Australian woman Sara Connor has been released from a Bali prison.
Ms Connor has spent four years in the Denpasar Female Prison, inside Kerobokan Prison, over the death of Bali police officer Wayan Sudarsa.
His body was found bloodied and battered on Kuta Beach in August 2016.
Ms Connor is being taken to the Ngurah Rai Immigration Office, located in Jimbaran, Bali.
The 49-year-old from Byron Bay maintained her innocence after Mr Sudarsa’s body was found on Kuta Beach in August 2016.
She said at the time all she attempted to do was separate her British boyfriend David Taylor from Mr Sudarsa as they struggled on the beach.
A fight had broken out between Taylor and Mr Sudarsa over the Australian’s missing handbag.
The veteran officer had 42 wounds to his body, including more than a dozen to his head and neck.
A forensic expert said the police officer died on the beach several hours after the fight.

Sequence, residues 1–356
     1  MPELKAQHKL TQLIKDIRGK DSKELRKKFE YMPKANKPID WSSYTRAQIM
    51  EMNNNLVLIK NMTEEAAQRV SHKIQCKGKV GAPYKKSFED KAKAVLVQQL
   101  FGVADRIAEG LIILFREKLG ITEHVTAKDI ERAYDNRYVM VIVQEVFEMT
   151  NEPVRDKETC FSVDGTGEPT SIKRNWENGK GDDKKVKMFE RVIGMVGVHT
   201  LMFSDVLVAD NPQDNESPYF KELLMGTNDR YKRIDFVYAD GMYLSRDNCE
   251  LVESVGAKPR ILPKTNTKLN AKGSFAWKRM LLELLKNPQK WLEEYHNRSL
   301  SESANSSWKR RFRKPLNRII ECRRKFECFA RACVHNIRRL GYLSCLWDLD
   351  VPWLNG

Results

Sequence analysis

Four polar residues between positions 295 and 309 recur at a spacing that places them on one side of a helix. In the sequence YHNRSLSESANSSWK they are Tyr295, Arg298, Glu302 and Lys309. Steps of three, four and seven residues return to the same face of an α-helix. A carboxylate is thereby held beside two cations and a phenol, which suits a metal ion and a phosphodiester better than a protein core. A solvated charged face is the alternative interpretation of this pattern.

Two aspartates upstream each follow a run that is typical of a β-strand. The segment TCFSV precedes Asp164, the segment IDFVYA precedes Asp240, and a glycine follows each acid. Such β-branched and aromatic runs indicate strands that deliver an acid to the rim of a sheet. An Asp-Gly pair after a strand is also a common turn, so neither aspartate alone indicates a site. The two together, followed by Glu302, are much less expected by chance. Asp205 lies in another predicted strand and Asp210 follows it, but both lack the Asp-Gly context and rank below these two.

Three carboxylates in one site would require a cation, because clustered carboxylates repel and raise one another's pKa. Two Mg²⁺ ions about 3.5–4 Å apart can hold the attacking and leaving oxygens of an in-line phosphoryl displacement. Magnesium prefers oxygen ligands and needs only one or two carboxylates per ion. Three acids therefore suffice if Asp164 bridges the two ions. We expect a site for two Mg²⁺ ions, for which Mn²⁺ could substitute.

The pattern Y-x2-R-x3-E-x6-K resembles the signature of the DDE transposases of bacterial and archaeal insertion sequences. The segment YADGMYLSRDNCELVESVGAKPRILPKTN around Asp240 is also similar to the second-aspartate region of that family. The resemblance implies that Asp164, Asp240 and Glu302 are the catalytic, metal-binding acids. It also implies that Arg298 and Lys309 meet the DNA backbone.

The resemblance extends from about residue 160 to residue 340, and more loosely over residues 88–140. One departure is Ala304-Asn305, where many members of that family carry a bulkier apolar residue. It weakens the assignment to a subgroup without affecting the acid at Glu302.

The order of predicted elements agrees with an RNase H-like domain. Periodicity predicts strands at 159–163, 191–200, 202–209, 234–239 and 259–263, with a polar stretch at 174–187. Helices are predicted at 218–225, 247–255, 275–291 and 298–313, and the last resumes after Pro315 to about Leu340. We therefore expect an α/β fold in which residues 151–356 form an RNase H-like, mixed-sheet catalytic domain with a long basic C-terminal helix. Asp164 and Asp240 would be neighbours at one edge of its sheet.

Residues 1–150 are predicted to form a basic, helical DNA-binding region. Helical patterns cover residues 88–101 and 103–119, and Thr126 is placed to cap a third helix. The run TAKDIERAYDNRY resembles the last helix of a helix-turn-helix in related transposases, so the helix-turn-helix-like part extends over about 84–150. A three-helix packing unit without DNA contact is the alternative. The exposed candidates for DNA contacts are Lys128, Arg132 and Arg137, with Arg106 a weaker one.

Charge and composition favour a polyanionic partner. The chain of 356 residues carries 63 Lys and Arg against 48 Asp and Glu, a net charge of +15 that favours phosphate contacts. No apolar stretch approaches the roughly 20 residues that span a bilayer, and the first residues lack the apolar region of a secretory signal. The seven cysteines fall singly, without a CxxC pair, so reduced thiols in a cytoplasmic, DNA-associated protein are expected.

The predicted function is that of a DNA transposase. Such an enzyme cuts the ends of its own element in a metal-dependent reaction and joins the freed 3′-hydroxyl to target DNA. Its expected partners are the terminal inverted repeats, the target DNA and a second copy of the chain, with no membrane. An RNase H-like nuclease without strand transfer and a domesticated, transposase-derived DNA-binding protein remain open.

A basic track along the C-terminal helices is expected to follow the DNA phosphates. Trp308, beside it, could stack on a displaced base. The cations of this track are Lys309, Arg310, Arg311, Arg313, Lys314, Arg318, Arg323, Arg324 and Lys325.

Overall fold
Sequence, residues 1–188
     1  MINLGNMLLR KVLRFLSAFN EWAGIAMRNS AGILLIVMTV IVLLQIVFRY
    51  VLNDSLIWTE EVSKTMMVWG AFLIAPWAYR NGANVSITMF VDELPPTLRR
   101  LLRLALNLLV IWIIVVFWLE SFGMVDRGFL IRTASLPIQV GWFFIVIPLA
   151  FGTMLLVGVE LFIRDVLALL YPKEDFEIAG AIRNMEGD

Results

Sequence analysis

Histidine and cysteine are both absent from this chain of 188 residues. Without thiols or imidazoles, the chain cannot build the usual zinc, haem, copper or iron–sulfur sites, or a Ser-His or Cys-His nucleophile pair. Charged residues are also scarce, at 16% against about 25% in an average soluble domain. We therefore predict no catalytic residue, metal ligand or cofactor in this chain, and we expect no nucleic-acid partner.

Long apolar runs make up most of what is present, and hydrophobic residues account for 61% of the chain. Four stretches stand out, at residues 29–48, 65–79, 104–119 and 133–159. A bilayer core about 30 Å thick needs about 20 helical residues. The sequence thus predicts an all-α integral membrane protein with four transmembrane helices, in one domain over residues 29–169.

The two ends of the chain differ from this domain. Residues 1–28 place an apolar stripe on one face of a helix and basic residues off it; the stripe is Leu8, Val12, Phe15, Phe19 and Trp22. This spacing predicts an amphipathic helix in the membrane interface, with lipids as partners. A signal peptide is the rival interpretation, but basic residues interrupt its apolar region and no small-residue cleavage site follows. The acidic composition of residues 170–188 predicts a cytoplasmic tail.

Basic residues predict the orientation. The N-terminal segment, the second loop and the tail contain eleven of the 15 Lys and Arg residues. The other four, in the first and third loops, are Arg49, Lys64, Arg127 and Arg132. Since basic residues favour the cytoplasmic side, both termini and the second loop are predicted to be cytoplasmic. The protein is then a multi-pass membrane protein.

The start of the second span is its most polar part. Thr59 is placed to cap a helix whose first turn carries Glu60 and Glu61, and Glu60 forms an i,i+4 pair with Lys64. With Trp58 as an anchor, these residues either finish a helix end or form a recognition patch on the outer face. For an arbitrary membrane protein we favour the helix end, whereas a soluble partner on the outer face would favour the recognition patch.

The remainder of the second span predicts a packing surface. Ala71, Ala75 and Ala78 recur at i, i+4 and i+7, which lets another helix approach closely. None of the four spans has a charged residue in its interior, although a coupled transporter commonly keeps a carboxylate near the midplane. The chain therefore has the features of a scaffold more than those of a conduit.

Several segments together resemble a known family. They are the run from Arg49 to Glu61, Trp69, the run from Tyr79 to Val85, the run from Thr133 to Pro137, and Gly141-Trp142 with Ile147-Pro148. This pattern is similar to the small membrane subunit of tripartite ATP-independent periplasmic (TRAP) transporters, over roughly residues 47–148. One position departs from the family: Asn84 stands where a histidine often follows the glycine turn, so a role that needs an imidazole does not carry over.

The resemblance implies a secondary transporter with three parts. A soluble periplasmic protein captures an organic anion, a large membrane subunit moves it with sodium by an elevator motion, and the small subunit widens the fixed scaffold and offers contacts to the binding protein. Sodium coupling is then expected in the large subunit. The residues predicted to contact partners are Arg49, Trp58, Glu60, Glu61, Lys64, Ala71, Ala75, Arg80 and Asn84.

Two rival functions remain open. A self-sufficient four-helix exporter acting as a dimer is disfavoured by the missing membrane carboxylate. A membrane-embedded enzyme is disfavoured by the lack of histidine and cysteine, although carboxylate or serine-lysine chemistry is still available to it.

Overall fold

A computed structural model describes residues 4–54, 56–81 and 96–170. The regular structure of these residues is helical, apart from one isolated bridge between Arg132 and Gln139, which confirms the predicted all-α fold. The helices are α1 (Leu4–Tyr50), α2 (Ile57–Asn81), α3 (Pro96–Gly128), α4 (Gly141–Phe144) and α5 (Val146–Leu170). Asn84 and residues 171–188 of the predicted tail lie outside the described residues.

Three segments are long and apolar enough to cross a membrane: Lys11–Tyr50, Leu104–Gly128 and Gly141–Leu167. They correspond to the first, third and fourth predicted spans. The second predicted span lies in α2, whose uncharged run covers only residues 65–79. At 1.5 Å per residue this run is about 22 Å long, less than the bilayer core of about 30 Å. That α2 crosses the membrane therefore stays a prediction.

Taylor admitted to bashing the officer with a mobile phone, some binoculars, his fists and a beer bottle as the men struggled, but argued he was acting in self-defence.
Taylor was found guilty of group assault leading to death and sentenced to six years’ jail.
Ms Connor expressed fear that she would not get to see her two young sons – who are being cared for by her ex-husband in Byron Bay – grow up.
Ms Connor admitted to destroying the police officer’s ID cards and, with Taylor’s help, burning their bloodied clothes.
In their final plea to the judges during Ms Connor’s trial, her defence team said she was guilty only of destroying evidence, which carried a maximum seven-month jail term.
Ms Connor said she let Taylor burn bloodstained clothing because she was scared and was thinking of her children.
She made an emotional plea to Denpasar District Court judges during her trial, saying she had no role in the death of Mr Sudarsa.
“I believe in the truth, which I have said to the police and in court from the beginning,” she said.
“I have never denied being there, but I swear I have never harmed the victim.”
Ms Connor admitted to cutting up the officer’s ID cards from his wallet, but said it was to protect him from identity theft.
“I was not intoxicated, I never had the intention of destroying and/or concealing evidences,” she said.